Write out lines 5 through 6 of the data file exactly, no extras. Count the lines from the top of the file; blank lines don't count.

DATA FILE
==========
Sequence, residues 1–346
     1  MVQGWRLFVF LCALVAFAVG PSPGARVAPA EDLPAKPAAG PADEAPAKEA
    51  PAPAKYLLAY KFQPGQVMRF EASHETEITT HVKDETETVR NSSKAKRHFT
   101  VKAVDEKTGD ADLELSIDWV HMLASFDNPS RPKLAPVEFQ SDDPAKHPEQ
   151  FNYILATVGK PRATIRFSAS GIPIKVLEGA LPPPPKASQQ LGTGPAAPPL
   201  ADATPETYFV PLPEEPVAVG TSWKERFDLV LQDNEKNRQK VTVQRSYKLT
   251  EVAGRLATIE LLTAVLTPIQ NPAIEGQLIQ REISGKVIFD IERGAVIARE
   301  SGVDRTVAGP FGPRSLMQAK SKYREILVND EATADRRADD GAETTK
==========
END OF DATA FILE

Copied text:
   151  FNYILATVGK PRATIRFSAS GIPIKVLEGA LPPPPKASQQ LGTGPAAPPL
   201  ADATPETYFV PLPEEPVAVG TSWKERFDLV LQDNEKNRQK VTVQRSYKLT